The truth about traveling solo…I’m over it.

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  1. i’ve only done it once, for one night, for my 29th birthday. it was wonderful, and exactly what i needed.

    but i can see how isolating feeling it can be after a time.

    • Alana Morgan says:

      Every once in a while I find it thrilling still – I like being in airports and flying somewhere by myself – but it’s gotten more tedious to travel solo the more I’ve done it.

  2. Kate says:

    Yes, I totally agree! I had this moment last month while traveling in Brussels alone; I really wished I had someone to share moments, laughs, meals with, and for someone to keep me company while I toured around and saw sights in the rain.
    Solo travel can be amazing, but I think for me, I’d much rather have my bf there.

  3. I have the best of both. Half the time I travel alone and occasionally miss having a travel buddy and half the time travel with someone and miss my alone time.

  4. Dalia says:

    In small doses traveling alone can be liberating. But I agree it can get tiring to be alone all the time. I think the key is to balance out your trips…sometimes in a group, sometimes one other person and sometimes by yourself! The most important thing is to know that you aren’t afraid of traveling alone and you don’t “need” someone else to be there, but to acknowledge that company can have its perks too!

  5. Rebecca says:

    Thanks for writing this! I feel the same. I’ve done 18 months solo previously and tend to take shorter alone trips now. Whilst I love it, it definitely sucks sometimes not having someone special to share everything with 🙂

  6. veena says:

    I feel you on this. I have had some great solo travel adventures, but I am a very social person, so too much time on my own drives me a little crazy. My upcoming trip to Malaysia and Cambodia will be partly solo and partly with friends, which I think will make it more special. I am getting ready to relocate back to the States from India, and one of the things I am most looking forward to is being able to coordinate trips with friends and explore new places with other people. Sometimes solo travel can be great, but oftentimes I wind up bored with my own company by the end of it.

    • Alana Morgan says:

      The Malaysia/Cambodia trip sounds like a good mix! Last year I went to Europe for a month and while I was traveling by myself I was visiting places where I knew people so it was like the best of both worlds.

  7. Mark Elliott says:

    Yeah, count me in the “I understand completely” category too. Years ago I quit my job and took off for Europe with only a softsided bag and backpack for 10 weeks. I had wanted to go since my college years but never could get friends to commit to it so I finally told myself if it is to be it is up to me and I planned the route (via Rick Steves ETBD) bought my flight and left without reservations or really any solid dates/places I wanted to be/see. I did it all pretty much by the seat of my pants and by September with the weather changing and kids heading back to school I was pretty much over with the solo travel thing at least for that trip.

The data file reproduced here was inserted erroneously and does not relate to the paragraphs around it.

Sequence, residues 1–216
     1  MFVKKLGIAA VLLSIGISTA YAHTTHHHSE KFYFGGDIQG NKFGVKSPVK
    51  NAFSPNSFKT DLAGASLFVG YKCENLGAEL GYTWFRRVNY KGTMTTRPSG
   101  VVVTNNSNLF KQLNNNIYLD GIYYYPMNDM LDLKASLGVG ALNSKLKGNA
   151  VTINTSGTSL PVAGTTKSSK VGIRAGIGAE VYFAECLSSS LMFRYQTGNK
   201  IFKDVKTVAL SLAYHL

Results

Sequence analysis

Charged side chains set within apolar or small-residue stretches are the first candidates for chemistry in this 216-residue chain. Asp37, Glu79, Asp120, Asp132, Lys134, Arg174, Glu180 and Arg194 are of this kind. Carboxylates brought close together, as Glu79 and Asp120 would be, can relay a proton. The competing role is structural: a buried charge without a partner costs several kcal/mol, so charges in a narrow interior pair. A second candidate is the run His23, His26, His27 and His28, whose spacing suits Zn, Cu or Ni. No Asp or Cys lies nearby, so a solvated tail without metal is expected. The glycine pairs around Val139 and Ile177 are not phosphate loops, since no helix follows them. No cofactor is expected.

Single travel is amazing and incredibly freeing but it’s like you say, making ALL the decisions ALL the time can be tiring, especially when things don’t go right. I think all humans are social animals so we all like to share our experiences but some of us don’t like too much input from our important others. I’ve done other solo journeys but only for a week or two at a time so I’ve never reached the point again like my Europe trip where I said enough is enough. I think the good news for you is that you have your readers travelling along with you when you write about your travels so you’re not really completely alone even though the connection to most of us is only via the web. Anyhow, I understand your mindset on travelling solo but also wishing for the companionship of a best friend to share the smiles and tears with. I look forward to reading your next post as much as I valued reading this one – it’s nice to know I’m not alone in my love/hate affair with solo travel.

  8. Brian says:

    Well, someone else understands… I love traveling and exploring all over. I bring students to Italy every year for a month, but I sure would like to share the experience with someone who is not one of my students. You can’t say much about it because people look at you with some kind of horrified expression. But, yes, there are a lot of wonderful restaurants I’d like to go to, but I’m over sitting in a restaurant by myself.

    • Alana Morgan says:

      Ha! It can so easily come across sounding spoiled or unappreciative when you have the opportunity to travel yet wish you could do it differently… particularly if you’re talking to someone who doesn’t travel much. I’m always careful about who I ‘complain’ to 😉

  9. Jim says:

    This just has to happen eventually. I have not had a place to call my own since selling my home four years ago. However, in a week I will be moving into an apartment in Chiang Mai and signing a year long lease.

    I will still take short trips but no more multi month adventures for a while.

  10. Ian Ord says:

    There’s the age old adage “experiences are best when shared” – and though I’ve travelled solo most of my life (more than half my life now), it was always through sharing my experiences with people I met along the way that made them so memorable!

    It wasn’t until I started travelling with friends more frequently that I realised the value in having a regular travel companion – someone you could reflect back on all those amazing moments you’ve shared, someone you could rely on especially when you aren’t feeling at your best.

    Though it hasn’t (yet) been a life partner I’ve had the fortune of sharing the majority of my travel experiences with yet, there is one good friend in particular that I’ve managed to travel to 6 continents with, and who has become an unofficial sibling in the process 😉